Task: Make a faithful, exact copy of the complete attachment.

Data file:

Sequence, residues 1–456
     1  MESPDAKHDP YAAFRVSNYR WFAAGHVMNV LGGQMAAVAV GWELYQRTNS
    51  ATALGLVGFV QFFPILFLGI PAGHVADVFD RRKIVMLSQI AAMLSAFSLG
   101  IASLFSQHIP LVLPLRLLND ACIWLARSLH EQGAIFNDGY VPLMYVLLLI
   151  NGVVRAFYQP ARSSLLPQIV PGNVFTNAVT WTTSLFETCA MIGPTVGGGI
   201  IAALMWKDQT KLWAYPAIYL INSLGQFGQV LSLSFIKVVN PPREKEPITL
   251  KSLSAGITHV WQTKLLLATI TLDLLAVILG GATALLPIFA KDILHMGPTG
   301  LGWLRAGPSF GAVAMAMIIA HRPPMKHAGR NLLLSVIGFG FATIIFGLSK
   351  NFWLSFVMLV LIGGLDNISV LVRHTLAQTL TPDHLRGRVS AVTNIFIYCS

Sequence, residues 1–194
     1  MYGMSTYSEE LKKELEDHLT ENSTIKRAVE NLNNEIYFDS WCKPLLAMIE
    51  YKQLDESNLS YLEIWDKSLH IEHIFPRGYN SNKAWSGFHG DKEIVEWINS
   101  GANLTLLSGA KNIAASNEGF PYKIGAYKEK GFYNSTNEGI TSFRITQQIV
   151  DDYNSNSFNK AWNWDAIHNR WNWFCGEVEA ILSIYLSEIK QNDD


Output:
Sequence, residues 1–456
     1  MESPDAKHDP YAAFRVSNYR WFAAGHVMNV LGGQMAAVAV GWELYQRTNS
    51  ATALGLVGFV QFFPILFLGI PAGHVADVFD RRKIVMLSQI AAMLSAFSLG
   101  IASLFSQHIP LVLPLRLLND ACIWLARSLH EQGAIFNDGY VPLMYVLLLI
   151  NGVVRAFYQP ARSSLLPQIV PGNVFTNAVT WTTSLFETCA MIGPTVGGGI
   201  IAALMWKDQT KLWAYPAIYL INSLGQFGQV LSLSFIKVVN PPREKEPITL
   251  KSLSAGITHV WQTKLLLATI TLDLLAVILG GATALLPIFA KDILHMGPTG
   301  LGWLRAGPSF GAVAMAMIIA HRPPMKHAGR NLLLSVIGFG FATIIFGLSK
   351  NFWLSFVMLV LIGGLDNISV LVRHTLAQTL TPDHLRGRVS AVTNIFIYCS

Sequence, residues 1–194
     1  MYGMSTYSEE LKKELEDHLT ENSTIKRAVE NLNNEIYFDS WCKPLLAMIE
    51  YKQLDESNLS YLEIWDKSLH IEHIFPRGYN SNKAWSGFHG DKEIVEWINS
   101  GANLTLLSGA KNIAASNEGF PYKIGAYKEK GFYNSTNEGI TSFRITQQIV
   151  DDYNSNSFNK AWNWDAIHNR WNWFCGEVEA ILSIYLSEIK QNDD